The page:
As everything from food to energy becomes more expensive, diners are also tipping their servers more – making the historically high-turnover sector a little more attractive to workers.
Higher tips inspired by inflation are driving workers back into the restaurant industry, Danny Meyer, founder of Union Square Hospitality Group, which owns Shake Shack and several other restaurants in NYC, told CNBC on Tuesday.
“Inflation has cut both ways in our industry… There’s no question that menu prices are higher than they’ve ever been,” Meyer said in an interview with Jim Cramer on Mad Money. For hospitality workers, this means “if you have a tipping model in your restaurants, servers make more money than they’ve ever made before.”
The opportunity to make more money in tips now — compared to times of low inflation — may slow the Great Resignation in the sector, where quitting has reached epidemic levels.
As of June of this year, recreation and hospitality – specifically lodging and food services – saw the highest quit rates across all US industries, coming in at 5.7%, according to the Bureau of Labor Statistics. A total of 788,000 Americans quit a job working in the food service industry out of a total of 4,237,000 workers across all sectors.
For Meyer, this means employees are returning to work at his restaurants. “For the first time [since the COVID pandemic hit], we’re actually at the same level in terms of our talent count as we were in 2020 when we first had to stop doing business, ” he said.
The COVID-19 pandemic brought the restaurant industry to a standstill, and although the industry has been steadily recovering, restaurants are still struggling to fill vacancies. Outside of Meyer’s Union Square Hospitality Group, the industry still had 6.1% fewer workers in May 2022 compared to pre-pandemic levels, the National Restaurant Association reported.
Danny Meyer famously announced seven years ago that his restaurants would phase out tipping, as he believed it contributed to unequal pay, wage instability, racism, and a myriad of other problems. However, Meyer reversed course on this policy in June 2020 when restaurants began reopening their doors, saying he was unwilling to deny any additional compensation that might be available to workers in a time of economic crisis.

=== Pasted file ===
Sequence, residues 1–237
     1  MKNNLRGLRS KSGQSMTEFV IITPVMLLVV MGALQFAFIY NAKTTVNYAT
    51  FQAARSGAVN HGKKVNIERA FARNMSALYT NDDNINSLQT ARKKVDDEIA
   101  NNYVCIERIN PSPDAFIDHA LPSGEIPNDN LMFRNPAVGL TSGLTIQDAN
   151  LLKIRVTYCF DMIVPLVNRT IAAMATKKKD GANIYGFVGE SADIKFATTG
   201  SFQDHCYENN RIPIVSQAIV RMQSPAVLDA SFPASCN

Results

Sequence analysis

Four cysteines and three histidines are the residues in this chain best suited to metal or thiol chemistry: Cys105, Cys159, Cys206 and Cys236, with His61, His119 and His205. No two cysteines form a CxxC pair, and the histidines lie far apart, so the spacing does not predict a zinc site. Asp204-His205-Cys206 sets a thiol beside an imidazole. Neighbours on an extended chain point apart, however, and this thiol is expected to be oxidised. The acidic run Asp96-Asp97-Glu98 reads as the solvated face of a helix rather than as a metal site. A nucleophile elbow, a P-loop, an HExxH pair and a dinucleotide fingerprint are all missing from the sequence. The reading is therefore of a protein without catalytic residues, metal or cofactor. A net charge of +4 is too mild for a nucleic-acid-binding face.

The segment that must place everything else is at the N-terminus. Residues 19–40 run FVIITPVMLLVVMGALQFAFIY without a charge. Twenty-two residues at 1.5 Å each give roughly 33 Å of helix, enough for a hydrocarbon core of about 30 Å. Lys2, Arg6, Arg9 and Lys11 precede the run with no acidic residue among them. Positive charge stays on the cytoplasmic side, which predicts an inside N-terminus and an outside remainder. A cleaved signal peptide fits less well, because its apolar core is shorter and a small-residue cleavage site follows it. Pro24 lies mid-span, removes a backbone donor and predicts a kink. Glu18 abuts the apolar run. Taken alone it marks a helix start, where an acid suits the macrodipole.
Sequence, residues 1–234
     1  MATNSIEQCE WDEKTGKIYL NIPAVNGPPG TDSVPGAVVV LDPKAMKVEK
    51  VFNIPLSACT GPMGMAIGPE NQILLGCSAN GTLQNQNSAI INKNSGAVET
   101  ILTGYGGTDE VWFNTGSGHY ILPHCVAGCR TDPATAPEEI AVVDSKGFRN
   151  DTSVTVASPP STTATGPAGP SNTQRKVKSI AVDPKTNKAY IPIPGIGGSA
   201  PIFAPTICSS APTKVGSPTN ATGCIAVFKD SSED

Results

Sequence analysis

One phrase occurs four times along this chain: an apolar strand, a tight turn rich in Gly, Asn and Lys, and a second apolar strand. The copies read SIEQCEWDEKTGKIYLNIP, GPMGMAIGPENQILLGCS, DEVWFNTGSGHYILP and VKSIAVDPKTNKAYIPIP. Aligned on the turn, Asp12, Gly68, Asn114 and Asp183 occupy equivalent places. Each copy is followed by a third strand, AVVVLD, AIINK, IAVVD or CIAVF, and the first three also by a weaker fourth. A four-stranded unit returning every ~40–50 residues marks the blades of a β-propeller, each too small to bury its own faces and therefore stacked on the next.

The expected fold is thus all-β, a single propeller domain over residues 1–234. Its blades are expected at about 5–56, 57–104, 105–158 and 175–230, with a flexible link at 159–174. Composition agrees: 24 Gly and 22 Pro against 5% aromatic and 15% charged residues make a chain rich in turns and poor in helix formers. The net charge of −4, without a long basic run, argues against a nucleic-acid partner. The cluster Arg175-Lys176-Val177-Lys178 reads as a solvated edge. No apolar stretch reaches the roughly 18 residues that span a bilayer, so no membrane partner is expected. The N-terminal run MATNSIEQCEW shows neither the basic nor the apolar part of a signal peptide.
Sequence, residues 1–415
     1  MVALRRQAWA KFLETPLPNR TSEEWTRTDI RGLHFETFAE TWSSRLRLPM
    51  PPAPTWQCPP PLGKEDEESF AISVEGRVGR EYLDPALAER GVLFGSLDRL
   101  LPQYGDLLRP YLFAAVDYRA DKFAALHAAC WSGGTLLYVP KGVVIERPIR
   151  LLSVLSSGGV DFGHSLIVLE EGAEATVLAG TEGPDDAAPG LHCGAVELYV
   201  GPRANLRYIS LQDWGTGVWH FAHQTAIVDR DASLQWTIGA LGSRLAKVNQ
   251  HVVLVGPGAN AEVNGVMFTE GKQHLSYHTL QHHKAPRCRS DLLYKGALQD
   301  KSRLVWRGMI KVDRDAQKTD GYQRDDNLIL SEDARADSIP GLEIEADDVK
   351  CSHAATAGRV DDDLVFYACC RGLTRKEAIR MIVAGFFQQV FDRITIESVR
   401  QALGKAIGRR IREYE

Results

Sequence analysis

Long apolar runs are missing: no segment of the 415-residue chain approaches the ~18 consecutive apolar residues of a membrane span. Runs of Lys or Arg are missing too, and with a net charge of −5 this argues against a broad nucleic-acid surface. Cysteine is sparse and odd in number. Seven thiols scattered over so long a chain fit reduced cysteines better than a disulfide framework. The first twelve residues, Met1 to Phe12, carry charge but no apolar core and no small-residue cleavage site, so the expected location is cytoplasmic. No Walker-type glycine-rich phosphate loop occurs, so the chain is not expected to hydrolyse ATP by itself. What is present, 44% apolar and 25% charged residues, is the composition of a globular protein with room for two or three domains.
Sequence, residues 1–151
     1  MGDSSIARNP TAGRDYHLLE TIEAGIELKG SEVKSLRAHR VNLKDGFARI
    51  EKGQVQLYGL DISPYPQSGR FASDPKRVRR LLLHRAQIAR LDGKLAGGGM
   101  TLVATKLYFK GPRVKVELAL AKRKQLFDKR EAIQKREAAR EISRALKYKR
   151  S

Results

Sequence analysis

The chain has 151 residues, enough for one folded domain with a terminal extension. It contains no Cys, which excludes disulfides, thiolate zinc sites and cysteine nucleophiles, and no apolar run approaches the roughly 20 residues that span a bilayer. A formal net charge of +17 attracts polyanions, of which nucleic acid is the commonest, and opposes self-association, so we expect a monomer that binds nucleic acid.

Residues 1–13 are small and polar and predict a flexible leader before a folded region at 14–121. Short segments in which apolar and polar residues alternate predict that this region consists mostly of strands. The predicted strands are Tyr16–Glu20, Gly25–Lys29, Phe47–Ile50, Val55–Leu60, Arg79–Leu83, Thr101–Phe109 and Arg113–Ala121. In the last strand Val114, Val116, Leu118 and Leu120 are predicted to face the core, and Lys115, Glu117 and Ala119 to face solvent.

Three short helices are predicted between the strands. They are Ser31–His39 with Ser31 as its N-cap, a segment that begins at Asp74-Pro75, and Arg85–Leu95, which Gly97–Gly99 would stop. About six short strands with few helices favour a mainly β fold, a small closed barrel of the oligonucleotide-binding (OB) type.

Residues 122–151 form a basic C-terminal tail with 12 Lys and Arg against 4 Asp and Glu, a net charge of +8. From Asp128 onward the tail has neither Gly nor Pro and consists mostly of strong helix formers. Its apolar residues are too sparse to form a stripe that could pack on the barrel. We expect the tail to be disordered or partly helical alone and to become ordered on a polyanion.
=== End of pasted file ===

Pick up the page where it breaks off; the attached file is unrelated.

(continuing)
Union Square Hospitality Group announced last week that Chip Wade is succeeding Danny Meyer as chief executive officer. Meyer will remain on the group’s board in addition to serving as Shake Shack’s board chairman.
Inflation shifting consumer habits
Meyer is not the first to claim that inflation could bring an end to the Great Recession.
Randstad, a global employment services provider, said in July that rising living costs and worries about the future were curbing people’s willingness to quit their jobs.
“There is still movement, absolutely, but it is slowing down,” Randstad chief executive officer Sander van ‘t Noordende told Bloomberg.
Paul Donovan, an economist at UBS, also suggested that higher oil prices could have some “strange indirect effects” including a slower job turnover rate and an end to layoffs.
Donovan said in a February note that for the TikTok generation of 16- to 24-year-olds in the US — a group that has been reluctant to re-enter the workforce — “gasoline is a disproportionate amount of spending… Higher oil prices may encourage return to the conventional job market.”
While high inflation appears to be slowing down the Great Resignation in hospitality businesses in general, it may also be helping one group in the sector more than most.
As the cost-of-living crisis bites, cash-strapped consumers are downgrading from white tablecloths to plastic menus. In the second quarter ended June 30, sales at Applebee’s and IHOP grew 6% and 8%, respectively, among households earning $75,000 a year, Dine CEO John Peyton said in an analyst call on Tuesday.
The bump “suggests to us that guests who often dine at more expensive restaurants are finding Applebee’s and IHOP because of their well-known value position,” Peyton said.